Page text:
This essay will analyze not only how Cesar Chavez stood up for farmers' rights, but how he played such a significant role in the Farm Workers Movement and Mexican-American history. Specifically speaking, Cesar Chavez impacted the rights of farmers as well as making a positive difference in Mexican-American history through the use of peaceful protests, strikes, fasting, and the establishment of the National Farm Workers Association. In the year of 1965, Cesar Chavez organized a strike against the San Joaquin Valley, California grape growers, protesting the unreasonably low wages grape harvesters were receiving for their pay (Gotheimer 1). Farmers were growing sick and tired of the injustice taking place, so Cesar Chavez took a stand. However, in response to his peaceful protests, Chavez was unfortunately wrongly accused of using “violence and terror tactics'' by the president of the California Grape and Tree Fruit League, E.L. Barr, Jr in 1969. In a letter responding to E.L. Barr, Jr., Cesar Chavez addressed this accusation and stated that he is fighting non-violently for the poor and dispossessed farmers who are mere human beings and should have rights that enable them to be treated as such. In his letter, he stated, “They have been under the gun, they have been kicked and beaten and herded by dogs, they have been cursed and ridiculed, they have been stripped and chained and jailed, they have been sprayed with the poisons used in the vineyards, but they have been taught not to lie down and die nor to flee in shame, but to resist with every ounce of human endurance and spirit.” In this statement, Chavez is showing that while farmers may be mistreated and taken advantage of, they will continue to stay strong and persevere against the injustice. In his letter to President Barr, Jr. he also stated that together, he and the farm workers advocate nonviolent assertion as a means for social revolution and to achieve justice for their people, however, they are not ignorant of the discrimination and indignation that they may face in response (Chavez 1). As one could see, Chavez was very adamant about engaging in peaceful protests to get his message across rather than using violence and ill will.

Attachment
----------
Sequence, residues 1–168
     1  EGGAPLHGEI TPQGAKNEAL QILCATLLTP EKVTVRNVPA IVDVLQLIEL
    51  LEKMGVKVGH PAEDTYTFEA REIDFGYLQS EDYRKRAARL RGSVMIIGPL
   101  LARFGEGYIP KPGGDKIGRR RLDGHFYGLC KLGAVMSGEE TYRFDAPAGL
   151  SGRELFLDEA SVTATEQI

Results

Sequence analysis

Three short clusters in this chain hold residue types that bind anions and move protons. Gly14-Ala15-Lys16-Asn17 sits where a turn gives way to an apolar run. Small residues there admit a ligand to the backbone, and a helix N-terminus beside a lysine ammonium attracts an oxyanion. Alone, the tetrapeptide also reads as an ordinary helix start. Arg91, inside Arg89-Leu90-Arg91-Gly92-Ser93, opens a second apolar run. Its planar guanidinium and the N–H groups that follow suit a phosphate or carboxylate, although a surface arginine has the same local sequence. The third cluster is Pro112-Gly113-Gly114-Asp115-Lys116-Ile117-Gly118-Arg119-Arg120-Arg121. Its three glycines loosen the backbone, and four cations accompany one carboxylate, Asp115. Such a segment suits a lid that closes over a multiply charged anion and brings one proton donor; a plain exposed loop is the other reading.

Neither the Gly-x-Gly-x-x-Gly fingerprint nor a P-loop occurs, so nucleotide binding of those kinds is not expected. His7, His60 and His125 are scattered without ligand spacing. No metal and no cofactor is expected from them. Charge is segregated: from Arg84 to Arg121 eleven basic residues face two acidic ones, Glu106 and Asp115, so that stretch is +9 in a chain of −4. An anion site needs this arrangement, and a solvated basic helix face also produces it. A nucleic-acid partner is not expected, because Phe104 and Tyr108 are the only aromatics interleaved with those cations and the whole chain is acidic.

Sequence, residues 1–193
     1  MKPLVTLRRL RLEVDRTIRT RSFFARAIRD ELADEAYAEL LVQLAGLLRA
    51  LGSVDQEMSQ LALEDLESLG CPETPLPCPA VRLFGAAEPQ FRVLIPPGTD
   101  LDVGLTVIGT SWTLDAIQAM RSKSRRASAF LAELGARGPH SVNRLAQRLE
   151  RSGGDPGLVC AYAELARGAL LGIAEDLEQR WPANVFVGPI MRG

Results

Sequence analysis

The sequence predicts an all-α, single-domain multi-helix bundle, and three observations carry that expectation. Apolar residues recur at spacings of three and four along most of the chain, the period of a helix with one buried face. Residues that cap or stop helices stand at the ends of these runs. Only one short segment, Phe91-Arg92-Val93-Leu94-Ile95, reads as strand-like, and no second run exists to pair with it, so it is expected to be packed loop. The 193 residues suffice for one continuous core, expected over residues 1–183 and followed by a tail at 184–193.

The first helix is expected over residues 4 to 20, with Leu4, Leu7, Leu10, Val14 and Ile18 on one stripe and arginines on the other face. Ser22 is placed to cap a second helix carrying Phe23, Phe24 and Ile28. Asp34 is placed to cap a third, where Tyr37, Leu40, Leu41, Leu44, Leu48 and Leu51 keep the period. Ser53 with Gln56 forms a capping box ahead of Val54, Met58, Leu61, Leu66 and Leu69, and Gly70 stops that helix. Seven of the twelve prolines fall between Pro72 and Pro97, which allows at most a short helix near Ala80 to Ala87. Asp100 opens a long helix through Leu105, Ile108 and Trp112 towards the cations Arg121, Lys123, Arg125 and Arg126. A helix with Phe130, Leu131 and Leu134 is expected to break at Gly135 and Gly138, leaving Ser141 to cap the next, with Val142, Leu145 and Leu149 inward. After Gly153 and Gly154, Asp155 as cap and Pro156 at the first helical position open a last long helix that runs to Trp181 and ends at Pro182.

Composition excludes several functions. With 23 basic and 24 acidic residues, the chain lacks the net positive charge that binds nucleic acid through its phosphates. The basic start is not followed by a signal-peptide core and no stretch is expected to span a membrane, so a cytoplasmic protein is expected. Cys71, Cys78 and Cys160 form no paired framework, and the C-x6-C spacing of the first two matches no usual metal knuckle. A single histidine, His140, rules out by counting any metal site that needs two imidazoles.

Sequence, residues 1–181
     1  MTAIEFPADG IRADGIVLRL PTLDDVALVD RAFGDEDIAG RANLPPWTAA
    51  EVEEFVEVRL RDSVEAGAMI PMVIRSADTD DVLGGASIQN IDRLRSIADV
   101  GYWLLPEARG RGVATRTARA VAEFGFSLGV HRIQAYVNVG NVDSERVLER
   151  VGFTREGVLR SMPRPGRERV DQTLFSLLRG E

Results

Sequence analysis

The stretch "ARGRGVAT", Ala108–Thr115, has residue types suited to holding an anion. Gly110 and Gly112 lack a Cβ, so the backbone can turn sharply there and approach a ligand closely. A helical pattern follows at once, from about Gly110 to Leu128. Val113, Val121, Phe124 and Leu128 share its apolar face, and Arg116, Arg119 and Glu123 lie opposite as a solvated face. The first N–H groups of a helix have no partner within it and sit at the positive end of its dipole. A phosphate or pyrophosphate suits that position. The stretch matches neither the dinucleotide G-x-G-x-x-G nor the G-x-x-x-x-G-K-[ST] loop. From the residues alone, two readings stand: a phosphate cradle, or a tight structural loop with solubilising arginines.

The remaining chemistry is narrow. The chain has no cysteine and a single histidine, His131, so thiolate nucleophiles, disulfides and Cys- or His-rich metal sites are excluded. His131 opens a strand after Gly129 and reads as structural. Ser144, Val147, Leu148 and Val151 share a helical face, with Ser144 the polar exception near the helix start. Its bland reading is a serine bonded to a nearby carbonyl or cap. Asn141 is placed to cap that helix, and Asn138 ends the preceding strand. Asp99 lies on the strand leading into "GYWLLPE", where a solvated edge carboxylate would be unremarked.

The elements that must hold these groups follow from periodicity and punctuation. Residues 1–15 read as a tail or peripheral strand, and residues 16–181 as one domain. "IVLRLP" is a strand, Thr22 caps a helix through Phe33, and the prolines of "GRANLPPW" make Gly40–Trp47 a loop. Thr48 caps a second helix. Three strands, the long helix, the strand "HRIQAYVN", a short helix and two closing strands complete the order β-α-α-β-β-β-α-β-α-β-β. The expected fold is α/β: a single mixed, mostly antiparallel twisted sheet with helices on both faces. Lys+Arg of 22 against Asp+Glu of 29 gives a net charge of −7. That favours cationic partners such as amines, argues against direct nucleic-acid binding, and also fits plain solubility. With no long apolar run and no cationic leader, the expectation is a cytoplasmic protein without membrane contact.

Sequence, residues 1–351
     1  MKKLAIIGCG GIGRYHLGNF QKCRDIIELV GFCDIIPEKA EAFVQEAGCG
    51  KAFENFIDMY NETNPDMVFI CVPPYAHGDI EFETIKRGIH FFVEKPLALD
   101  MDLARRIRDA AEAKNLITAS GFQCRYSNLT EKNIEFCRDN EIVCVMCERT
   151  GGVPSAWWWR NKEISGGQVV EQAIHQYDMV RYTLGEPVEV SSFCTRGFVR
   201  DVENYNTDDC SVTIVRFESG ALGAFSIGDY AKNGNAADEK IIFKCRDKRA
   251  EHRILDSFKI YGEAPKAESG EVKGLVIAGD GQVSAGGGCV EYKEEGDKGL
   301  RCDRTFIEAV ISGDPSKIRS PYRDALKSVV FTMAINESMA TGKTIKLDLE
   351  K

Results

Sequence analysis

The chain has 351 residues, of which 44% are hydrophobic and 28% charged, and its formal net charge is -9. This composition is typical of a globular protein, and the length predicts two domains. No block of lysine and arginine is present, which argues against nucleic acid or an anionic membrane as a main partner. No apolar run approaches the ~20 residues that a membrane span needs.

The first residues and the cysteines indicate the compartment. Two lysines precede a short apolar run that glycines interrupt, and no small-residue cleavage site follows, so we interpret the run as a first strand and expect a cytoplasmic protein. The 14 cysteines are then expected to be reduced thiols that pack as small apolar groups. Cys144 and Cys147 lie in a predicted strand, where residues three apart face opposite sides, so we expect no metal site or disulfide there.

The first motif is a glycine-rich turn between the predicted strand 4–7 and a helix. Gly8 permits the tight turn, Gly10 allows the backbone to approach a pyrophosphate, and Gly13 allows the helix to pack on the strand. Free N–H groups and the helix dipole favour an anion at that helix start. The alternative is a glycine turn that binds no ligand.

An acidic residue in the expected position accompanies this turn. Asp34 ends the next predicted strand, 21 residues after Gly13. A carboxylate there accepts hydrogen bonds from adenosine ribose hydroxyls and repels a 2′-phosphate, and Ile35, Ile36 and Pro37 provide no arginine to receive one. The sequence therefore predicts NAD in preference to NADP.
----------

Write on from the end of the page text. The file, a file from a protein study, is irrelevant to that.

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Cesar Chavez strongly emphasized that, unlike the Mexican Revolution, the struggle of agricultural laborers would be nonviolent. He deeply stressed the agricultural laborers' desire for dignified change and used several non-violent approaches to initiate change (Finkelman 381). He wanted change, but not change shed through blood. Chavez argued that farmers did not want the charity or sympathy of farm owners but rather, they simply wanted the basic rights that should be expected and given to all free men. Farm workers wanted the same rights that were granted to other laborers in the United States, which included fair wages for their labor and safe working conditions. Furthermore, he asseverated that despite any opposition, the agricultural laborers’ struggle would continue to live on until the movement achieved its goals- if not, they would die trying to achieve them (Finkelman 381). His strong character and perseverance helped set the tone for the Chicano Movement, allowing so many Mexican-Americans to feel pride in their culture, and to stand up for their rights.